Monday, 23 January 2012


[Garnered for a predictably depressing debate at UCL in c. 2004]

First Principles:

  1. Life begins at conception [universe began at Big Bang, not when it contained x. amount of features or galaxies. Likewise, analogously, the universe ends in a Big Crunch based on natural law, not at an arbitrary (still-less human-induced) time]
  2. Human life cannot be created, used or destroyed as a means to any end [once it is treated as such and accepted as such, there is no logical, rational reason for any respect for human life whatsoever – and the slippery slope necessarily follows. Nazi and eugenicist ideas flow inexorably from the degradation of human life.]
  3. Willed abortion is the immoral termination of human life

Subsidiary Arguments:

  1. The philosophical basis for allowing abortion is a utilitarian, unstable and arbitrary definition of the value and beginning of human life, which is both irrational and unscientific.
  1. The socio-political context to abortion is an obsolete 1960s relativist permissiveness: affecting to bestow freedom, when actually sanctioning selfishness. This philosophy, only ever held by a small minority and foisted on society through Parliament, has already been discarded by most contemporary thinkers – just as it has always been opposed by most religions.
  1. Arguments for terminating human life on the basis of underdevelopment of mental capacity, organs or appearance (a gradational approach) clash with the respect accorded to severely disabled people outside the womb. Would it be better for them never to have been born, and can they be killed now as they lack certain organs, etc? Can I be terminated while asleep, because I am not aware of it? The size, level of development, or awareness of a human being has no bearing on its fundamental human right to exist. Either respect all human life, or none – for there is no consistent ‘middle way’ .
  1. Abortion is currently not a right but permitted on the basis of spurious attestations to ‘mental distress’ on the part of the woman carrying the child. Mental distress is no reason to take any human life (in fact, quite the opposite from the point of view of lucid decision making). In reality, women have abortion for purely selfish reasons, and to avoid hassle – the self-same reasons doctors sanction the procedure. Abortion is almost always carried out for social convenience, negating the Hippocratic principle primo non nocere ‘first do not kill’.
  1. The abortion industry is out to make a killing (!): both literally and materially.
  1. The excuse of terminating a life to prevent suffering for the child in future is a presumptuous excuse, using the language of ‘concern’, to willingly destroy a life that the mother wishes to avoid responsibility for. Surely, it is a paradox to end a life on the basis of its best interests. Adoption is a morally acceptable alternative. Adopted children rarely wish they had never been born.
  1. If there is no moral difficulty with abortion, why are dead kids not used in skin creams, as part of nouvelle cuisine, etc.? If abortion is naturalistically right, why is it so taboo, secretively performed, and why are women almost always ashamed of it? The function of squeamishness, shame and conscience is to indicate that something is morally wrong: it is a deeply embedded natural capacity for distinguishing between good and bad acts. Abortion will never seem naturally correct because it is against natural law.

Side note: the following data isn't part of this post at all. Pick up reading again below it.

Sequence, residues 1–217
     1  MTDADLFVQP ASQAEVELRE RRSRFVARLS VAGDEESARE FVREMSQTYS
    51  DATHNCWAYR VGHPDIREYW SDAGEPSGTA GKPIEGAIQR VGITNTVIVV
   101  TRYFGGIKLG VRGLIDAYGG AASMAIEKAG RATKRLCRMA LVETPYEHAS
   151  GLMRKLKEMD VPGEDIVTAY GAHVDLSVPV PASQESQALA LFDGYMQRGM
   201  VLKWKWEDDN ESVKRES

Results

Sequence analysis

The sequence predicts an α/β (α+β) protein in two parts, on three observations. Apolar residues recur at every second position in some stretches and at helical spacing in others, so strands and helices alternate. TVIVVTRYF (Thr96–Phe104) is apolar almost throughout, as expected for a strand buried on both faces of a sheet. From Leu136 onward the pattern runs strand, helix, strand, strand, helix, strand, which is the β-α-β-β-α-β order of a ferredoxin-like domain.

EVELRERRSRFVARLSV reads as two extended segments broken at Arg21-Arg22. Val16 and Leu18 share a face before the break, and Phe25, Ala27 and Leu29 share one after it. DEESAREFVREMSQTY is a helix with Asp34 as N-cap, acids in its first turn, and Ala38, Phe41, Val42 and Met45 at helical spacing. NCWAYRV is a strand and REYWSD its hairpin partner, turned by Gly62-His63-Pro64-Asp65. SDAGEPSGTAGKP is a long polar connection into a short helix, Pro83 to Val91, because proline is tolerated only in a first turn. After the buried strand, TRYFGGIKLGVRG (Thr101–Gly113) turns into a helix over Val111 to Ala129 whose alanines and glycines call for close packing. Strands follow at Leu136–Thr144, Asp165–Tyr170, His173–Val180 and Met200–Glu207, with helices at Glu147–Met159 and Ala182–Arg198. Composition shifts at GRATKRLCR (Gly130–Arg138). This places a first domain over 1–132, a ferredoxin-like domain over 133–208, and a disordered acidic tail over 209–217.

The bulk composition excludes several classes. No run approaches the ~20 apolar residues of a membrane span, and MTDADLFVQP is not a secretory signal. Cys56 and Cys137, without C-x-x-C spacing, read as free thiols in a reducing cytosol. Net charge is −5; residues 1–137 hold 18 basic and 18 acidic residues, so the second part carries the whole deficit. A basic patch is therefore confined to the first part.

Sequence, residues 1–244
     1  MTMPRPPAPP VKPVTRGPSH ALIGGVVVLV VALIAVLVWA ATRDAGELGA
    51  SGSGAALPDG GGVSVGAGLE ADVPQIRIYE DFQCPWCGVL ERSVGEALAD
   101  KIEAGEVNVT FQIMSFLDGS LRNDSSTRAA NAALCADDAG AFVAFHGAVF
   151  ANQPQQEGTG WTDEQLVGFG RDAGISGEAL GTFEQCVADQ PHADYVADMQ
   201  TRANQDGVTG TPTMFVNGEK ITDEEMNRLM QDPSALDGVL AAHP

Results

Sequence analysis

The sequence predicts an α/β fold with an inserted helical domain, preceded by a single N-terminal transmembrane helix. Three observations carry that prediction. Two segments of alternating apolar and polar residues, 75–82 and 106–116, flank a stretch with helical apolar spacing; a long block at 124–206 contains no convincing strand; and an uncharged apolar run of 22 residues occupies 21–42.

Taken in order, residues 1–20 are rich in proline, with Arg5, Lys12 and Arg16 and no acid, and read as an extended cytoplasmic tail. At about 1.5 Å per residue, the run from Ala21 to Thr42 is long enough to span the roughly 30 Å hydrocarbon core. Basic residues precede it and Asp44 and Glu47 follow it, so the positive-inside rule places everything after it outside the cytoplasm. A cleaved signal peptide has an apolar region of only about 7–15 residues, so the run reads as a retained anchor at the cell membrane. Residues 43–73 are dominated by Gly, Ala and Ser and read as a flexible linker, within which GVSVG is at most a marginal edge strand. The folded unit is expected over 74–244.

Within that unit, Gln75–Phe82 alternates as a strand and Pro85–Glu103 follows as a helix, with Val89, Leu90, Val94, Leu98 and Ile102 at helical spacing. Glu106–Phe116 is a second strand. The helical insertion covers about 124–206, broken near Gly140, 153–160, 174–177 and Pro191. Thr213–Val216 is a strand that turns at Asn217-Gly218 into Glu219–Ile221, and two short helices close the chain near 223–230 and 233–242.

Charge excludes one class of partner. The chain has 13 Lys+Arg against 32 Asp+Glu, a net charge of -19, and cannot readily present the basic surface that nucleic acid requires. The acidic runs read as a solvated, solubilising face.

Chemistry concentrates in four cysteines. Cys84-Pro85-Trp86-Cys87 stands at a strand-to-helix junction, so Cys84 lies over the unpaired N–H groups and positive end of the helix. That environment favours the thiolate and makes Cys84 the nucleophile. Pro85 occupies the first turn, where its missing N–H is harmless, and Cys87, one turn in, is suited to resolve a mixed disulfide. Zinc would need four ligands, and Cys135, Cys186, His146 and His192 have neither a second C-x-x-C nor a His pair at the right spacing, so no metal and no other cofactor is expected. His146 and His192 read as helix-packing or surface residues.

1. There are several arbitrary distinctions implicit in arguments sanctioning any kind of abortion:
    • Between life within a womb and life outside it. The fact of internal or external physical location has no bearing on the value of a human life.
    • Between a woman’s choice to abort at any stage without criminal or moral repercussions, and the crime of killing an unborn child even by accident (e.g. if a robber strikes down a pregnant woman). It seems that the value of the child’s life today comes down to its posited implicit ‘ownership’ by the woman, and her arbitrary choice to tolerate or terminate. Is the robber, violating property, guilty of murder? If the woman agreed to the assault – is the death of the child then ‘right’?
    • Between the outrage at those who kill a newly born child (even when mentally ill) and the affected neutrality accorded to people who have, counsel, or carry out planned abortions for convenience or financial reasons.

  1. No philosophy can justify abortion on rational grounds, because it rests on the irrational misinterpretation of scientific fact: the beginning of human life at conception. Similarly, this misinterpretation, seeking to mitigate moral evil by positing arbitrary gradations of humanity to assuage the consciences of those who abort, clashes with legal and social realities that in fact contradict it.
  1. There is a confused notion of ‘dignity’ accorded to the premature ending of human life as pertaining to euthanasia, abortion, etc. In reality, suffering is only dignified when seen to its natural end. We value the courage of women who refuse to take the option of abortion: their dignity lies in not taking the more convenient route, but in showing dignity to themselves and their unborn child. Especially in abortion when the child cannot make its own decision and its future suffering is purely hypothetical and judged by third parties in an arbitrary way, the notion of ‘mercy killing’ is totally out of place.

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